The world of sports is not just a platform for physical prowess and competition but a reflection of the societal dynamics that govern our lives. While sports have the potential to empower and elevate, they are not immune to the scourges of society, particularly violence against women and girls (VAWG). This critical issue is not just a violation of human rights but a public health crisis that undermines the ethos of sportsmanship and integrity.
The end of August brought a glaring example of VAWG in sports in the highly publicised incident involving the President of the Royal Spanish Football Federation (RFEF), Luis Rubiales, and Spanish football player Jenni Hermoso. His unsolicited act of kissing her on the lips during the award ceremony that followed Spain’s victory at the Women’s World Cup— the most-viewed female sporting event of all time — overshadowed much of what should have been a celebration and catapulted the issue of VAWG into the limelight. The United Nations Human Rights Office reacted on X, formerly Twitter, saying that everyone had a responsibility to “call out and challenge such abuse” and hoped the incident would “Make this a turning point.”
VAWG is symptomatic of “structural injustice, cemented by millennia of patriarchy,” as noted by UN Secretary-General António Guterres in his message marking this year’s International Day for the Elimination of Violence Against Women. He points out that “We still live in a male-dominated culture that leaves women vulnerable by denying them equality in dignity and rights.” This culture of gender inequality and harmful social norms legitimises men’s dominance and normalises violence against women. Consequently, the sports arena has at times been the site of some of the most flagrant cases of sexism and VAWG. Female athletes frequently endure sexual harassment, abuse, and assault, with the associated fear of reprisal, stigma, and negative publicity often silencing victims. This silence fosters a climate of impunity, allowing offenders to escape accountability. Addressing this critical issue is essential for leveraging sports as a domain for advancing gender equality and empowering women and girls everywhere.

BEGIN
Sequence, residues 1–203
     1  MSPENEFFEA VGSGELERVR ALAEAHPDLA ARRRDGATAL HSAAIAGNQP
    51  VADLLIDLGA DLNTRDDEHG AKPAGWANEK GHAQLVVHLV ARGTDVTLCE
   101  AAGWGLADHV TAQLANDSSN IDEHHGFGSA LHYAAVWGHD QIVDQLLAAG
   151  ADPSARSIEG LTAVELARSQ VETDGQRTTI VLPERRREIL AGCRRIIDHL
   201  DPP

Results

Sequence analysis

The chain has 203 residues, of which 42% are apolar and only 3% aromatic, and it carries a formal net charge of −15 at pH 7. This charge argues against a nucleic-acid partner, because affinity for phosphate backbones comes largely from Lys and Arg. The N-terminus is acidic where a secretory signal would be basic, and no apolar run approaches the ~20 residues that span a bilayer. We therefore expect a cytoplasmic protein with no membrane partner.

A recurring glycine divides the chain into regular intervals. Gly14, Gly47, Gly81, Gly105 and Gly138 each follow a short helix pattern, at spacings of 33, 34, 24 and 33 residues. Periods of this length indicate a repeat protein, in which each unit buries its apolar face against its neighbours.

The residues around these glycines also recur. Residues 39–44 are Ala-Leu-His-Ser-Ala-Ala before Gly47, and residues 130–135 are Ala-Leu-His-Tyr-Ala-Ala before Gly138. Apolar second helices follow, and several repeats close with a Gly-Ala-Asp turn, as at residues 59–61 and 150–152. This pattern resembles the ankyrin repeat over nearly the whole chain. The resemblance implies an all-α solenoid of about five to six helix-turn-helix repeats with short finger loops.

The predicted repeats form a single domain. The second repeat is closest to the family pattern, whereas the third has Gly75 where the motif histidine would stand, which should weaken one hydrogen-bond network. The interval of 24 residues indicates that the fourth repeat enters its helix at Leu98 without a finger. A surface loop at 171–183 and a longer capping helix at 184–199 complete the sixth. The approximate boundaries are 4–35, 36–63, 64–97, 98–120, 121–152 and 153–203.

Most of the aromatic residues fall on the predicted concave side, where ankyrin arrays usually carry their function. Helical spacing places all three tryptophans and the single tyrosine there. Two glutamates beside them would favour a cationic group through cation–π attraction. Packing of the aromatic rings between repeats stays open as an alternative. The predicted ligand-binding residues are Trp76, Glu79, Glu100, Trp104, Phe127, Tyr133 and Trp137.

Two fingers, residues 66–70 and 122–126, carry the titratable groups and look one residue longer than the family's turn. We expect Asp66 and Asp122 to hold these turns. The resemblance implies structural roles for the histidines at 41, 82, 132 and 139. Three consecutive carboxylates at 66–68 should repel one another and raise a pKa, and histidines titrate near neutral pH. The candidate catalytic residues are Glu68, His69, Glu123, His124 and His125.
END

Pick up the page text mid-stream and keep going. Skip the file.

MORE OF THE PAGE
In 2023, UN Women, UNESCO, and the Global Spotlight Initiative – a partnership between the European Union and the United Nations aimed at eliminating all forms of violence against women and girls – published a comprehensive handbook titled “Tackling Violence Against Women and Girls in Sport.” This resource provides practical tools and strategies for combating VAWG within the sports sector and emphasizes collaborative approaches to effectively address this issue. The handbook outlines the various manifestations of VAWG in the sporting context:
- Sexual Abuse: The prevalence of sexual violence in sports is disturbingly high, encompassing acts ranging from rape to harassment and ‘sextortion,’ where authority is misused for sexual gain. According to UNESCO, 21% of women and girls globally have suffered sexual abuse in a sporting environment during childhood, nearly double the rate of their male counterparts.
- Physical Abuse: Violence in sports is not confined to physical contact disciplines. It includes any physical harm inflicted upon athletes, from assault to withholding medical treatment. Findings indicate that 31.8% of female athletes have faced punitive excessive training, while 10.6% have been subjected to physical beatings.
- Psychological Abuse: It can come in the form of coaching abuse, peer abuse and spectator abuse. Examples range from coaches demeaning female athletes, teammates imposing degrading tasks as part of hazing, to spectators directing verbal abuse at athletes during events.